PNG Waterboard managing director Patrick Amini says community tolerance is playing a big role in determining water quality standards.
“Unlike in the past when people accepted water supply that did not conform to required standards, they are now discerning consumers.
“They complain of turbidity, colour and odour on the basis that something must be wrong with the water. Consumers are more wary of safe drinking water,” he said at a World Water Day celebration in Port Moresby Grammar School yesterday.
However, Mr Amini said there was a lack of appreciation of the significant improvements made by the water supplier.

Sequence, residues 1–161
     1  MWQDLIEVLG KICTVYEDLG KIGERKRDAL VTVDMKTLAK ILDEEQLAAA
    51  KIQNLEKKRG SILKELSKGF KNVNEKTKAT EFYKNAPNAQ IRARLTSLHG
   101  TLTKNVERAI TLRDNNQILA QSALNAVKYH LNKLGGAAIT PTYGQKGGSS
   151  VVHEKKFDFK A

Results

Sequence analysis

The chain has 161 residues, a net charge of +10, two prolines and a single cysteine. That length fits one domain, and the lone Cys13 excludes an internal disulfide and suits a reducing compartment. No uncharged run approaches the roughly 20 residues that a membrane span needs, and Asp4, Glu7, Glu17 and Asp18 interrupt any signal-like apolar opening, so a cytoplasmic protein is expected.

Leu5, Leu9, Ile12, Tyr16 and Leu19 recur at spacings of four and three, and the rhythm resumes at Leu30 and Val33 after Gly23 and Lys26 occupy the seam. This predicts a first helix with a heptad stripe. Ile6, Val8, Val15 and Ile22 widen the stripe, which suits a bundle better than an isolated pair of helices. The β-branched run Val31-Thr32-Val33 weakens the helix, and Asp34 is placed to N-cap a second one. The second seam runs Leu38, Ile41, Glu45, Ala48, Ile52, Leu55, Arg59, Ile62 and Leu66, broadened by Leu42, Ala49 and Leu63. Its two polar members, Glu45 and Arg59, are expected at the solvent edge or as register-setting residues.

“We, sometimes, fail to inform the public of the good work and sometime use occasions such as this or opening of new facilities by politicians.
“It is, therefore, important to develop a closer and more effective mechanism for two-way communications between the service provider and consumers.
“We must accept as a norm that community attitudes have been influenced by the demand for quality water supply.
“Since water constitutes one of the major pathways between humans and their environment, exposure to water-related hazards is always potentially a serious health threat.
“Unlike bacterial infections that are subject to medical treatment, the adverse effects of viruses and chemical agents needed to be controlled by preventing exposure,” he added.